A Tourist in Netroots Nation


Pittsburgh, PA – I’ve landed in the unfamiliar nation of U.S. progressive politics, specifically its online army. Netroots Nation is the reincarnation of YearlyKos, which was the conference that grew out of the Daily Kos. I’m on a panel called Democracy Without Newspapers, with many* people who have been thinking and speaking about this stuff much longer than I have. So I’m pondering what to say to this audience.

Here’s what I’m thinking:

— assuming (hoping, praying) you folks care not just about “big D” but also “little ‘d'” democracy, then you should sign up for the movement (it doesn’t exist yet, tho colleague I chatted with on the plane mentioned plans to launch it, will let you know when that goes public) to reinvent journalism. (yes, journalism – in my personal definition journalism may be created by all kinds of people, not only journalists, even by non-people).

—  I say it doesn’t exist yet because what’s happened till now has mostly been based (IMO) on new models that reject the old, attempts to “fix” the old, or attempts to “save” the old.

—  The folks in the Tweeting in the Trenches panel talked a lot about going where people “are” as a reason why it’s key to be in social media. Which is why we need to remember that most Americans are still in front of their TV sets.**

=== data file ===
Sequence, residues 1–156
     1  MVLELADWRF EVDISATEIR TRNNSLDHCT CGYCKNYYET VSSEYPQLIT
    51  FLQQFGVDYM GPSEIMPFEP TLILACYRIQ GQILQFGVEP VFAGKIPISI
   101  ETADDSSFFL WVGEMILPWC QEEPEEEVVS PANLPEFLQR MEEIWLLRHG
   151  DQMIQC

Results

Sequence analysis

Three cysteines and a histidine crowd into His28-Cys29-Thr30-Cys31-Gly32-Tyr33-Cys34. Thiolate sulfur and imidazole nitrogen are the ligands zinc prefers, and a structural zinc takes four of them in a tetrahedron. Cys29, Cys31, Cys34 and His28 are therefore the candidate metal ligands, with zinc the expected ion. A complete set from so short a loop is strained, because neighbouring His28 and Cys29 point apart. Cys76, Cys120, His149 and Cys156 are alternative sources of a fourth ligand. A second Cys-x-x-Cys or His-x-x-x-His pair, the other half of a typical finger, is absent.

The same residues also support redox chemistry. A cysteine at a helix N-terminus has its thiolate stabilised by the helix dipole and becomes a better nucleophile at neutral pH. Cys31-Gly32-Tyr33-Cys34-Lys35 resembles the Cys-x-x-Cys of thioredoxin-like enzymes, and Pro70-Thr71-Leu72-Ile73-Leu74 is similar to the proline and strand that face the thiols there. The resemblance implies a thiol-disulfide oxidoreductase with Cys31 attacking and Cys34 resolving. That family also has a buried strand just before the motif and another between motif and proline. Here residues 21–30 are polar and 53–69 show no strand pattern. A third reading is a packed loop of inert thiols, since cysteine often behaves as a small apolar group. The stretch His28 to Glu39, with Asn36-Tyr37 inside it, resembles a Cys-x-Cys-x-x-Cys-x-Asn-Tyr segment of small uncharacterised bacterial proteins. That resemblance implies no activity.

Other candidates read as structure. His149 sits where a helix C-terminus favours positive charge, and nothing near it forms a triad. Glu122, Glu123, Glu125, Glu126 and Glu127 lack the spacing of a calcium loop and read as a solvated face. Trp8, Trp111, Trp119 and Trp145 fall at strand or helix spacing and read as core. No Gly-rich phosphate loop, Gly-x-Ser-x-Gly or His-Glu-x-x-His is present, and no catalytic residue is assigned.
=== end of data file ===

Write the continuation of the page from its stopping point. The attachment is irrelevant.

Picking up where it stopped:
— It’s time to stop obsessing about the medium and get back to the role of news and information in a little d democratic society.

— There are a lot of interesting experiments going on outside the U.S., both in legacy media (note no other country relies as heavily as U.S. on profit-driven, ad-supported media for their newsgathering) and in various forms of participatory media, including many projects that don’t consider themselves to be journalism projects (but to my mind could benefit from more journalism).

— I think we’re going to need LOTS of attention to how to pick up the slack on certain kinds of reporting that I don’t believe either mainstream media or volunteer online efforts have the motivation to do. I think it will require some serious, organized, not-driven-by-profit efforts that include a mix of journalism expertise, technologists, volunteers, activists and so on.

— Repeating what someone said at a conference in Berkeley recently: “Got something you want to try? Come develop it in Africa! If you can make it work there, it’ll work anywhere!” Working with people in other circumstances is a great way to open your eyes to new possibilities.

Some exampes I might mention:

Crowdsourcing by Gazeta Wyborcza

Tax returns of Brazilian politicians on Politicos do Brasil

Ushahidi – a tool for reporting on crisis

Frontline SMS – use a computer to broadcast via SMS

and of course my friends at Global Voices.

* are there really 7 people on a 75 minute panel? From bitter experience inflicting such a thing on my own conference, I mutter “O, that way madness lies.”

** Local television news remains more popular than either cable news or network news – 52% regularly watch the local news about their own viewing area, while only 46% regularly read the newspaper, and 37% of the public – including more than half (what do the other 45% do? think of them lately?) of those who go on the internet (55%) – say they regularly get news online. . (2008 News Consumption Survey Pew Research Center for the People & the Press)

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